album review

Certain things, when you read them, are bounds for concern. When the press release for Bovine's new album called the music "sludge-soaked ghetto [rock]", I must admit that I was not exactly thrilled by what my mind was conjuring up. Sludge all too rarely manages to show the refinement in songwriting I expect from the music I listen to, and I have no idea what ghetto rock is supposed to be, but it sounds unpleasant as well.

It's almost a rite of passage that at some point in their career every metal band will either make a concept album, or will at least write a thematic suite of songs. Something about compositions that extend beyond the usual boundaries of a four minute song is like catnip for artists, the sort of thing they think needs to be done to prove they are indeed artists at heart. What gets lost in translation is how few concept albums actually work as a focused piece of music.

Originally called Dogz, Flotsam and Jetsam are probably best known for being the band Jason Newsted helped start before becoming the bassist for Metallica. After an on again, off again relationship with Metal Blade Records over the years, “Ugly Noise” finds the band, once again, with Metal Blade for their eleventh studio album. What’s more exciting for fans of the band, however, is the return of Kelly Smith on drums and Michael Gilbert on guitar. In other words, Flotsam and Jetsam is once again rocking their “Cuatro” lineup.

While listening to Moss, it quickly becomes evident that this is one of those bands where the name is not just a title, but an idea. Think about the nature of moss: it grows directionless but persistent, deliberate and patient. Uninhibited, moss will overtake and consume any object nearby. This insight gives just a glimpse of the idea behind Moss’ new record “Horrible Night.”

Devil to Pay has established a long career in the underground, cementing themselves as the go-to for grungy American doom. All this while being based in Indianapolis, perhaps the least likely of hotbeds for heavy metal activity. Parenthetically, the fact that Devil to Pay has experienced success outside their home market is a solid testament to the penetration and efficiency of the accessible digital marketplace.

Spock's Beard is known for three things; 1) having a silly name, 2) once having Neal Morse in the band, and 3) no longer having Neal Morse in the band. Simply put, their early run of albums helped to create the modern prog scene as it currently exists. What gets lost is that the band never stopped moving forward after Neal moved on to his solo career. Taking the Genesis route, Spock's Beard kept on going, even if they weren't receiving the same amount of attention they once did.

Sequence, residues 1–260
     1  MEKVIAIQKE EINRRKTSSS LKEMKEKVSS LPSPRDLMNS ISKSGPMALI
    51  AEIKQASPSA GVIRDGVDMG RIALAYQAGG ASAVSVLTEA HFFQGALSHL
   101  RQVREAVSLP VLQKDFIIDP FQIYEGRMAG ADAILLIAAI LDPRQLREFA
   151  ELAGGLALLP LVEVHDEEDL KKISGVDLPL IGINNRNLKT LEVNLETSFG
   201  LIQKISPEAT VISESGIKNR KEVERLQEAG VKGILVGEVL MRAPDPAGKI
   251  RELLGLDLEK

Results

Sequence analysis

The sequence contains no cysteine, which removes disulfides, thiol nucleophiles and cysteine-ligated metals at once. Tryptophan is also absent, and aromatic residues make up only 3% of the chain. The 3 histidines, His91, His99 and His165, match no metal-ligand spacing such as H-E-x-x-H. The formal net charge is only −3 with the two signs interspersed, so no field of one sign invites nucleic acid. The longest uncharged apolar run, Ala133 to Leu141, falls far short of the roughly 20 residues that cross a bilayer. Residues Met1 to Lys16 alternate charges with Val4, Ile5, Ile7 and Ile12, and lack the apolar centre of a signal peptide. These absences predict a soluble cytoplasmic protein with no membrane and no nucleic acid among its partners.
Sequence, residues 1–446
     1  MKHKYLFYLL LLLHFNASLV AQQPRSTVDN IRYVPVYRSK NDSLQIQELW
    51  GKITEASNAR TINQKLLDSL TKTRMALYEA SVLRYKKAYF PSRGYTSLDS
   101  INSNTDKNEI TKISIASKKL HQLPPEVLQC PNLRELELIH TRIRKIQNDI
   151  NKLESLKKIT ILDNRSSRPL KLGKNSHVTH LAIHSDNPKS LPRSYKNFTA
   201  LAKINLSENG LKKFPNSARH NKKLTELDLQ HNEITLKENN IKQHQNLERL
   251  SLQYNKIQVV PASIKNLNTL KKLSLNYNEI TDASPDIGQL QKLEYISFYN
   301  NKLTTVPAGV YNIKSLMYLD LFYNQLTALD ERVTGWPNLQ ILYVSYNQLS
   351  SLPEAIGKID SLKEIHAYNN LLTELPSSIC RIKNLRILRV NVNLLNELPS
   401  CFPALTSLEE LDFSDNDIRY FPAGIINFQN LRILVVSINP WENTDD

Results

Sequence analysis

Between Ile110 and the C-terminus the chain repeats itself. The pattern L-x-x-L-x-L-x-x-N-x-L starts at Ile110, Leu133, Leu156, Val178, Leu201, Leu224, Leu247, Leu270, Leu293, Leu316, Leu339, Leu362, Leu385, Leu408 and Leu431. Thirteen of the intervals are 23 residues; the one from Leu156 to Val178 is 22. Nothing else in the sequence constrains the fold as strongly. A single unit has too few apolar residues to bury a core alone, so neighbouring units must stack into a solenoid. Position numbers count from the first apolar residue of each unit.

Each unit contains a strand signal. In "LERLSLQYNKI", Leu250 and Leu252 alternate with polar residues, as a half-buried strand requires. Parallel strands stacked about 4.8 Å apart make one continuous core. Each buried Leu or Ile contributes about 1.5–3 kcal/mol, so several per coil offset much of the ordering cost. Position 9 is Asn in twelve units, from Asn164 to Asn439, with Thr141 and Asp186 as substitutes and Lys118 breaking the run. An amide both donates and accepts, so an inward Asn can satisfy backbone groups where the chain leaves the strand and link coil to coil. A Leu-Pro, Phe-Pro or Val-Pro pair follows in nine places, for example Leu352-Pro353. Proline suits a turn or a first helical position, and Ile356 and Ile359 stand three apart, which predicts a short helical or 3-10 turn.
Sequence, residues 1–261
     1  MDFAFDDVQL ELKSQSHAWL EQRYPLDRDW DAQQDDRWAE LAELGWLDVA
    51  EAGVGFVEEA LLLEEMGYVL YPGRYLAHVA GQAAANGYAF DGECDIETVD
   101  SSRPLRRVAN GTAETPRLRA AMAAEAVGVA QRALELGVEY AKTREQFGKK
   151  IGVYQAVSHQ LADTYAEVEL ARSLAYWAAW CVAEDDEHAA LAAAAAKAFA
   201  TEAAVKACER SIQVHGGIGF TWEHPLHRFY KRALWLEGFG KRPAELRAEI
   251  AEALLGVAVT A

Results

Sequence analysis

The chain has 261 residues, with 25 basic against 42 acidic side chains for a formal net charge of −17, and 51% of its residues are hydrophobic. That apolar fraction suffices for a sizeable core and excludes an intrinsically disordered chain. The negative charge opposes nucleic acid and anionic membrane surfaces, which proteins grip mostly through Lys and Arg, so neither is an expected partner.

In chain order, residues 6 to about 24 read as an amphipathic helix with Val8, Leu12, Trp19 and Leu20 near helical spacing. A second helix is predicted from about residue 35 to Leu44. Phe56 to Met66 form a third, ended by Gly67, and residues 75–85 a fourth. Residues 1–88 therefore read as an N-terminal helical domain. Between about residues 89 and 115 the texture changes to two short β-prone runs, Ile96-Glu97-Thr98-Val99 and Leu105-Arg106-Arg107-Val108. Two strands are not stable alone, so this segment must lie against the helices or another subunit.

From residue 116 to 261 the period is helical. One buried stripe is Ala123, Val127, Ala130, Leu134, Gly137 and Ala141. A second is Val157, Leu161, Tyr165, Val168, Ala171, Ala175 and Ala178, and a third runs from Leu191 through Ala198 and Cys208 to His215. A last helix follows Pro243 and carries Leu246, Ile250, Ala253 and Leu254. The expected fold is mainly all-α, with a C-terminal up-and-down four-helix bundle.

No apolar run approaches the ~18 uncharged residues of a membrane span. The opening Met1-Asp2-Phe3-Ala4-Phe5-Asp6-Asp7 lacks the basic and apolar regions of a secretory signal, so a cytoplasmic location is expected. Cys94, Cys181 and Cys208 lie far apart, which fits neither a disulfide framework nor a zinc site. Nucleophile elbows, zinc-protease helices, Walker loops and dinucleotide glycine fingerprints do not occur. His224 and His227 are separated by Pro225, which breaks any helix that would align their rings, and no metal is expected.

We all know the names of the legendary and influential bands that laid the groundwork for today's metal universe. Their legacies are undoubted, the influence massive. But for every band that became immortal, there were others that were forgotten, left behind, doomed to spend eternity in the shadows. It's a simple fact that only so many can make it to the top of the mountain, and only a few can be recognized as innovators, but they were never alone. There were always other bands, who didn't make it, who pushed them along on the path toward becoming legends.

It has been thirty years since Suicidal Tendencies’ self-titled debut album hit the shelves. At the time, lead singer Mike Muir was an energized, angst-driven twenty year-old churning out some of the best hardcore punk of the time period. Now, at the age of fifty, he’s back with a new Suicidal Tendencies lineup and a brand new material.

My wife is a very patient woman, who only takes a less-than-casual interest in heavy metal because it makes it easier for us to spend time together. The following conversation happened in our living room:

Me: “I’m not quite sure what to make of this album.”
Her: “Who is it?”
Me: “Finntroll. It’s their new record, it’s all over the place.”
Her: “Well, I don’t hate it. It sounds kind of fun.”

It was less than a year ago that Six Feet Under revealed a revamped lineup to the world, unleashing “Undead” onto a death metal world that wasn't expecting Chris Barnes to make relevant music ever again. The band had been through some stagnant years, and the “Graveyard Classics” series of cover albums had destroyed much of their credibility with serious listeners, so the fact that “Undead” was able to resurrect the band's image was an act still a few steps short of a miracle.